chels albright

PLACES: Renwick Gallery

WASHINGTON DCChels | PLACES studioComment

The Renwick Gallery is part of the Smithsonian American Art museum and highlights contemporary craft and decorative art. It has been closed for nearly two-years for a major renovation and just recently re-opened!

I went to see the new exhibit Wonder on the opening weekend and it was filled! The work was truly amazing and my impression was summed up nicely by this quote posted on the wall

 "The only reason for bringing together works of art in a public place is that... they produce in us a kind of exalted happiness. For a moment there is a clearing in the jungle: we pass on refreshed, with our capacity for life increased and some memory of the sky." Kenneth Clark, 1954.

Here's a little bit about the building itself. It is a National Historic Landmark and the museum was named after the architect, James Renwick Jr. who also built the Smithsonian Castle in Washington, DC. The building is known as Second Empire Architecture which was unique during its time and was even called "The American Louvre" because of Renwick's French inspirations. Originally the museum was to house William Wilson Corcoran's collection of American Art and after his collection was moved, there were many plans to have the building demolished. It was Jacqueline Kennedy how campaigned to save the Renwick Gallery in 1962. She succeeded (wahoo!) and wrote “It may look like a Victorian horror, but it is really quite a lovely and precious example of the period of architecture which is fast disappearing. I so strongly feel that the White House should give the example in preserving our nation’s past.”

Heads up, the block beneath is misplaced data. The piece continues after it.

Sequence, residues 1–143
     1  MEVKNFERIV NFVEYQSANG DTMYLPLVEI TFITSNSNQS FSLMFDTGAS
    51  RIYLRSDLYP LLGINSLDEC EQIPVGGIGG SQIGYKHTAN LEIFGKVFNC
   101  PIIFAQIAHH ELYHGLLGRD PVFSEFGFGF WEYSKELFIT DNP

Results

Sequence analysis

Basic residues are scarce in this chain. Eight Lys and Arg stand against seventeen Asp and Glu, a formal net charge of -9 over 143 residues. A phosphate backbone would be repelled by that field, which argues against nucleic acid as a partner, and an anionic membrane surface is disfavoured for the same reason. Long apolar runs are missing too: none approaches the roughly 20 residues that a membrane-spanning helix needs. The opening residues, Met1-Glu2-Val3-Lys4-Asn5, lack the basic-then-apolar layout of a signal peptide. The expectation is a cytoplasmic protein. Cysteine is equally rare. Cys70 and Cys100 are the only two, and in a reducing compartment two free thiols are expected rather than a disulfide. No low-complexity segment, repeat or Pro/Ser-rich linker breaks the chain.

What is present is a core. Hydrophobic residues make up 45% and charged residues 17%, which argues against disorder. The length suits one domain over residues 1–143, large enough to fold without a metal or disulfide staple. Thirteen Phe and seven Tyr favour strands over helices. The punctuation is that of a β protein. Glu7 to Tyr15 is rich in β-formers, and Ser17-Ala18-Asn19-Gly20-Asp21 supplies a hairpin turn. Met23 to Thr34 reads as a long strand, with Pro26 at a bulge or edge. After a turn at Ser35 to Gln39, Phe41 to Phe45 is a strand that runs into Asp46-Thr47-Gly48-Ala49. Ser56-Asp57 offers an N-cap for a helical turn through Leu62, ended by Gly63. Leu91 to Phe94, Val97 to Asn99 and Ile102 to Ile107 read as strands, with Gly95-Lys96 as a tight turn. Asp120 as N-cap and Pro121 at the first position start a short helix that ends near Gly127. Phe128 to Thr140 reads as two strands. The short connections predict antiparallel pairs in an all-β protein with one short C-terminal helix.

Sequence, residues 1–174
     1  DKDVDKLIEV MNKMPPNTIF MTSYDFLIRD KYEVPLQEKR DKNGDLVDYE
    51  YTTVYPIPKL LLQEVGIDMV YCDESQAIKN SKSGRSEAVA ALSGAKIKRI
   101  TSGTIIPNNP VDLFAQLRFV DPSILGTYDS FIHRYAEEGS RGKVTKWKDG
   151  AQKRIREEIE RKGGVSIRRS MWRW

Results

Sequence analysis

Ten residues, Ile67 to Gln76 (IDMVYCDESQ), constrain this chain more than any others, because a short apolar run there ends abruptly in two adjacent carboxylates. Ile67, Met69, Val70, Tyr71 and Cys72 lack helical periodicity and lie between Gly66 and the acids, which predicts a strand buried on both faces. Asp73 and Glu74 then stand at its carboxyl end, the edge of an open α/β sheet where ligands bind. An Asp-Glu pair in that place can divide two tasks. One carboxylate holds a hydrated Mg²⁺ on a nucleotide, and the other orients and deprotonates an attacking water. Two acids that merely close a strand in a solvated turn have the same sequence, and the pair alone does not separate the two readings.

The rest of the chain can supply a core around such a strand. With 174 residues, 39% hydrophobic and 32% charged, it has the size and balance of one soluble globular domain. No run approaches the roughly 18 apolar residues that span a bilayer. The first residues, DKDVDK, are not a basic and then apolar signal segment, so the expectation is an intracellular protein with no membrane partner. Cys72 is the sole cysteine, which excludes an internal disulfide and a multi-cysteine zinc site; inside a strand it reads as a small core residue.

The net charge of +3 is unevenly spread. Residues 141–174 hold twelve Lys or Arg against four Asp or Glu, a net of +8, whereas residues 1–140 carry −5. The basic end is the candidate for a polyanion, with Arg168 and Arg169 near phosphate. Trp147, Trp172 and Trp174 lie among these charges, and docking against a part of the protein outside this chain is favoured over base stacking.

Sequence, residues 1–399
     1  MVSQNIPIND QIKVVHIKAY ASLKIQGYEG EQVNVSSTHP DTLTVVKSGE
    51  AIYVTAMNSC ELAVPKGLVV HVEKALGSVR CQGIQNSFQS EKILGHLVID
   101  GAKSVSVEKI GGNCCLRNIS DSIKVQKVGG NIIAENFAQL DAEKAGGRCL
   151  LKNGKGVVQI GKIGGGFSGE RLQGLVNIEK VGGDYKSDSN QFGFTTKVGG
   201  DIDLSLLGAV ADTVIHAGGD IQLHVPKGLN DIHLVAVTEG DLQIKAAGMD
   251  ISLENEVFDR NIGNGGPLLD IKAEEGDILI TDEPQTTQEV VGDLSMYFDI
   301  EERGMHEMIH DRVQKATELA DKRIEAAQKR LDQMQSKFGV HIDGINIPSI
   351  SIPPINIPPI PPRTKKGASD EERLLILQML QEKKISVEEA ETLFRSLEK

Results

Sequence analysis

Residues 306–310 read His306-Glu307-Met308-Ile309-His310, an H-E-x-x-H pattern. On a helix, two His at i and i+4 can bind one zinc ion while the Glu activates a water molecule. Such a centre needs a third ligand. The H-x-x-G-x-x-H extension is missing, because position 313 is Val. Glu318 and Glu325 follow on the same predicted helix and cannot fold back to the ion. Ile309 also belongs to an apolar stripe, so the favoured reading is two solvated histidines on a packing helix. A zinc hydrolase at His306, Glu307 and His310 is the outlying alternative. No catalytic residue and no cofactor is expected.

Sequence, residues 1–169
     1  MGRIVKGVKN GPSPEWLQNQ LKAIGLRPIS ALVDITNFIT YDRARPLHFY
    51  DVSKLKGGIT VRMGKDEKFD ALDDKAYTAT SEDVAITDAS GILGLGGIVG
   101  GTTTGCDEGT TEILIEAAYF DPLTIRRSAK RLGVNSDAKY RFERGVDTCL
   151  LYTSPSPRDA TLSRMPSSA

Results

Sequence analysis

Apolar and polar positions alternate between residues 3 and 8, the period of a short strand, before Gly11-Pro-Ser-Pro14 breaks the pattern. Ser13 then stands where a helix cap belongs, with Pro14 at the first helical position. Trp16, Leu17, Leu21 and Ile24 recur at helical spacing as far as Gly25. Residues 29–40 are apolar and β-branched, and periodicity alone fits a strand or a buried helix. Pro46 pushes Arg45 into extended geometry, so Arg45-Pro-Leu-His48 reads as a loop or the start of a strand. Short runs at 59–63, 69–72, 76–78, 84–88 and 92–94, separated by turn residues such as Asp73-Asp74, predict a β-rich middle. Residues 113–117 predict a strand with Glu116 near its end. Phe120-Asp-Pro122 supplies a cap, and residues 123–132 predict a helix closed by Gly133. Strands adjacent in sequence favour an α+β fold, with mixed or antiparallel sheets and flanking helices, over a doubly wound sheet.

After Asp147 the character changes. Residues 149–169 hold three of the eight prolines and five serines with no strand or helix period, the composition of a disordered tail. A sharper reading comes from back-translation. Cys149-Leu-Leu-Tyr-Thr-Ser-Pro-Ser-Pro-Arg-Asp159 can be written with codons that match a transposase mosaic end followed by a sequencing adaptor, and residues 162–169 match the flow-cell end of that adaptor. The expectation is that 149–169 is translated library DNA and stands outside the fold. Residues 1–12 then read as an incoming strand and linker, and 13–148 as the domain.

Wonder will be fully open until May 8,2016 when the second floor closes and the first floor until July 10,2016.

If you have a chance, it is an amazing exhibit that will leave you in awe. If you've been, let me know what you thought! Which was your favorite? I think Gabriel Dawe's color install was breathtaking and the John Grade's tree has has an interesting connection, it's a mold of a tree that is the same age as the museum!